The Indies Must Be Free! A Japanese octopus, 1944
In this context “Indie Moet Vrij” means that the Dutch East Indies should be Dutch again. Pat Keely’s poster, printed in London c. 1944, was presumably aimed at those Free Dutch troops still in England and, as the war progressed, the population of the partially liberated Netherlands. The end of the war in the Dutch East Indies was particularly messy; like the Netherlands itself, it was largely bypassed by Allied forces, which in this case were driving towards the Japanese homeland. During the Japanese occupation millions died from starvation or through forced labour, but the confused months after VJ Day saw the continued internment of European nationals and fighting between Indonesian nationalists and Japanese soldiers still under arms (here, as elsewhere in the region, the Allies made widespread use of Japanese Surrendered Personnel; JSPs - PoWs by another name - were employed on reconstruction projects and, with even more dubious legality, participated in direct military action. The transition from war to peace created some strange bedfellows). Dutch authority was eventually restored, but within five years had been superseded by freedom of a kind not envisaged by the makers of this poster: in 1949 Indonesia was recognised as an independent nation.
Pat Keely’s octopus is squarely in the tradition of cartographic cephalopods established by Fred Rose in the 1870s. Rose’s octopus is squat, almost slug-like, with sunken eyes and fat but powerful tentacles. Keely’s octopus is lithe, with pinprick demoniacal eyes, the slender tips of its tentacles curling with whiplike precision around the principal islands of the archipelago. The principle remains the same: one’s enemy is less than human. Keely wasn’t the only artist to have brought Rose’s concept into the mid twentieth century. A Vichy French poster featured in the British Library’s Magnificent Maps exhibition last year cast Churchill in the role. Patrick Cokayne Keely (?-1970) was a well known poster artist, who designed posters for London Transport and the GPO among other clients. His posters were characterised by simplicity of design and strong use of colour, highly effective in conveying a simple message, as here.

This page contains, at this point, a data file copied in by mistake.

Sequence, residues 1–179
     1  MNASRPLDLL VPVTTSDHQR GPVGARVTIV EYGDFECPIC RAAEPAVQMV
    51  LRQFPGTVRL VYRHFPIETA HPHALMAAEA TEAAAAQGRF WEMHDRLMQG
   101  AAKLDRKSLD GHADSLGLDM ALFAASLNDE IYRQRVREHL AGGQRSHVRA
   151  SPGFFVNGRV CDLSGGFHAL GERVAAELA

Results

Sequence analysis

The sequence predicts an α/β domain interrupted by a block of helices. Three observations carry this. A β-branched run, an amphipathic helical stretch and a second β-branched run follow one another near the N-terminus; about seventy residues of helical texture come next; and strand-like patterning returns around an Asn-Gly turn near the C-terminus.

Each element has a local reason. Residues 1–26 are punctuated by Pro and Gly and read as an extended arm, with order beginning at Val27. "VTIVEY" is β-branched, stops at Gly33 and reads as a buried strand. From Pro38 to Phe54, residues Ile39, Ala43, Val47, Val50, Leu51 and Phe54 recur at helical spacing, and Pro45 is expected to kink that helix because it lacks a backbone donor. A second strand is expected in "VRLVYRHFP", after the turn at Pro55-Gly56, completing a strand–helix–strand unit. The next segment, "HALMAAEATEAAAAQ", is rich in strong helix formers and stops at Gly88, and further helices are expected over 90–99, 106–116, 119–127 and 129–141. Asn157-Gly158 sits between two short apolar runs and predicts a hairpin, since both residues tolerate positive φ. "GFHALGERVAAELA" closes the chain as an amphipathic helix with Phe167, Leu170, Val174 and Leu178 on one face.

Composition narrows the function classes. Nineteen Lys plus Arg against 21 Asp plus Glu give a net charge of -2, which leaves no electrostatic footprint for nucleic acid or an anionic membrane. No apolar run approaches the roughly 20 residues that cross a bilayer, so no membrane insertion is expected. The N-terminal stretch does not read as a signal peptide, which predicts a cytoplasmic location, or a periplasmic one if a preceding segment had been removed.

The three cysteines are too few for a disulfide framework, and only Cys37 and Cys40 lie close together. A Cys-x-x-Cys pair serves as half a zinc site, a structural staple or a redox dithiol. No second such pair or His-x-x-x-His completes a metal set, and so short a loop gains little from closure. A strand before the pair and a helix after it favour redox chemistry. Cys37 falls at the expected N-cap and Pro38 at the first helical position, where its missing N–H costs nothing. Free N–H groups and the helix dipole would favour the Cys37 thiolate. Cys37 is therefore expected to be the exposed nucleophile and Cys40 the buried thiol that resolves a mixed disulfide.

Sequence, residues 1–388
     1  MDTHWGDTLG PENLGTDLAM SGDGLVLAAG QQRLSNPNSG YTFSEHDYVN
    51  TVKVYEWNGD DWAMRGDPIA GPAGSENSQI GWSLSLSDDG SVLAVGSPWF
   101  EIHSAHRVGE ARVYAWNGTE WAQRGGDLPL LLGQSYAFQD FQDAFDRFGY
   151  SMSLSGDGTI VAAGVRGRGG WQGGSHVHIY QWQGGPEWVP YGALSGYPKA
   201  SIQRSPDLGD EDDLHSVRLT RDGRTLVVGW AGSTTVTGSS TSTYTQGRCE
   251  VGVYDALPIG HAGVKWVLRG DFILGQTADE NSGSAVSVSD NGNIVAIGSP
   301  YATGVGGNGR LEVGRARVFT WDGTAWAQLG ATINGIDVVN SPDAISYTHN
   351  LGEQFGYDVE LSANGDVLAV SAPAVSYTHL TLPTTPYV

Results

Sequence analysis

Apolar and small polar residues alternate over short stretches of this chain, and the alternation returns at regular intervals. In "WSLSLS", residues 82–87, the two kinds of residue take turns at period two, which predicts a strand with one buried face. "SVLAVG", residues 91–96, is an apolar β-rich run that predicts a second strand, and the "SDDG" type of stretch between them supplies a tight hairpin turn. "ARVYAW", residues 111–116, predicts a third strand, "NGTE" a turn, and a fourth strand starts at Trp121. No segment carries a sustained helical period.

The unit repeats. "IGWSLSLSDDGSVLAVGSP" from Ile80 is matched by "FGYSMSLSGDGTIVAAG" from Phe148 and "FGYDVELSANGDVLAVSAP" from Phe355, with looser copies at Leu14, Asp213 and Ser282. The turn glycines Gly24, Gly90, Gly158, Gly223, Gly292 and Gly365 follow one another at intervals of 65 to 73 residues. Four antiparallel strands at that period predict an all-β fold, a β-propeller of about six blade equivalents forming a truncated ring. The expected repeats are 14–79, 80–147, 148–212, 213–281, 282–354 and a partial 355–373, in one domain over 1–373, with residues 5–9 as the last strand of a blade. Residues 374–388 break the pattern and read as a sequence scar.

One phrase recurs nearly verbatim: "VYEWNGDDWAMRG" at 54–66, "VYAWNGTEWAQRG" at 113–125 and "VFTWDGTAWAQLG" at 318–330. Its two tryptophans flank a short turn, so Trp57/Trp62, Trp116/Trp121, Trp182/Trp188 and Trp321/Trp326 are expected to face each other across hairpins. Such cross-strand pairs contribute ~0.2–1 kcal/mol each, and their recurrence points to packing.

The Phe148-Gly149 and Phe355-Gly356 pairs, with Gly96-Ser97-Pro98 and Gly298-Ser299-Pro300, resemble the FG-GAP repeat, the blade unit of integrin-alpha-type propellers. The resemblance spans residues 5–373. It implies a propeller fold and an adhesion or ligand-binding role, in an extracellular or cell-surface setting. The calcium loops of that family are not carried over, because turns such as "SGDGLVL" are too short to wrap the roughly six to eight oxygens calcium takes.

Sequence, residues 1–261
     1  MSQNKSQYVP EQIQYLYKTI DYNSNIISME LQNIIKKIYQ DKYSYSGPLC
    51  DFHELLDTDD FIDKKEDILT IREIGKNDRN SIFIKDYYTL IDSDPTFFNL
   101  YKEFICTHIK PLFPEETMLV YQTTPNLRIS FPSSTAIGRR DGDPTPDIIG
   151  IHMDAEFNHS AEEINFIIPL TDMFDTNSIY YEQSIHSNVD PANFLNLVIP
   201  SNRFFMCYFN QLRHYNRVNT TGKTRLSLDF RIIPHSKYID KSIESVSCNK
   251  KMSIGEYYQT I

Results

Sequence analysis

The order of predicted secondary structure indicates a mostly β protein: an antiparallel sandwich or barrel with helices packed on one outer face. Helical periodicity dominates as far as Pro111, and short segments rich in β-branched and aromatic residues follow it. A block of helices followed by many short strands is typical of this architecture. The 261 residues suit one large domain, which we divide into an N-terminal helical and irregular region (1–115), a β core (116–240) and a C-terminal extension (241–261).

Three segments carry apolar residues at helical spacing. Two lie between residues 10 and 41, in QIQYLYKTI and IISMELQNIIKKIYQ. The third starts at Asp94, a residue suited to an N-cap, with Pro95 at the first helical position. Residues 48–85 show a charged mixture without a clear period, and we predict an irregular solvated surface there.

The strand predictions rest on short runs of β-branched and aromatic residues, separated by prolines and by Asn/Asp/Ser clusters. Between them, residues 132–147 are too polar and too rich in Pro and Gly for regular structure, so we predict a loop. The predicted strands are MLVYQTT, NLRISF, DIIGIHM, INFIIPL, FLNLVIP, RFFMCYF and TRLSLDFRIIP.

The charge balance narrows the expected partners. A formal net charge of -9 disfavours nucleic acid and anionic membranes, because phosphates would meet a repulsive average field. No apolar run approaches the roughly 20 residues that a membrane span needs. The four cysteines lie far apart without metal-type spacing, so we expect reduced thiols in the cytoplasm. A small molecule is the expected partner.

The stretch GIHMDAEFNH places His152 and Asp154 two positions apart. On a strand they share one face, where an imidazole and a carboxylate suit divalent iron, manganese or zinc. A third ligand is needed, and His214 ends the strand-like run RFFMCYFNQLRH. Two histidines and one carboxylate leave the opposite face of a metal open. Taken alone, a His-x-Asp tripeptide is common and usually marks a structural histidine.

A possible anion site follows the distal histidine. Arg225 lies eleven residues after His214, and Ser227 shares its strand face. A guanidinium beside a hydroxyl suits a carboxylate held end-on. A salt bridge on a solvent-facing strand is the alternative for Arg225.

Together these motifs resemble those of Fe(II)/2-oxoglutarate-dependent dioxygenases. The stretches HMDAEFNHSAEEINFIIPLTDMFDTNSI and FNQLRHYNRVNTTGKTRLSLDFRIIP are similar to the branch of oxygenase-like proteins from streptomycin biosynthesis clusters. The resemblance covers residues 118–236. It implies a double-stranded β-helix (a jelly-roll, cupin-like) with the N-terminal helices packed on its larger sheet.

Nightmail is immensely atmospheric and another smart use of cartography. The track becomes the spine of the country, with signal lamps picking out the principal cities on the route north. Just by way of contrast, here’s Rose’s original octopus:
I have to confess that this is not a photograph of an original example from the 1870s. I normally like to show original material which I have with me in the shop, but I simply don’t have one of these at the moment. But it is an original hand-printed lithograph. This is one of a number which the excellent Colin and Megan of Artichoke printers made for me, using traditional techniques, after we had worked together on the Tern Television series ‘The Beauty of Maps’ for BBC 4. The originals have become so expensive, and so difficult to locate, that I can recommend this as a way of enjoying the map. And it is a proper lithograph, not a laser copy!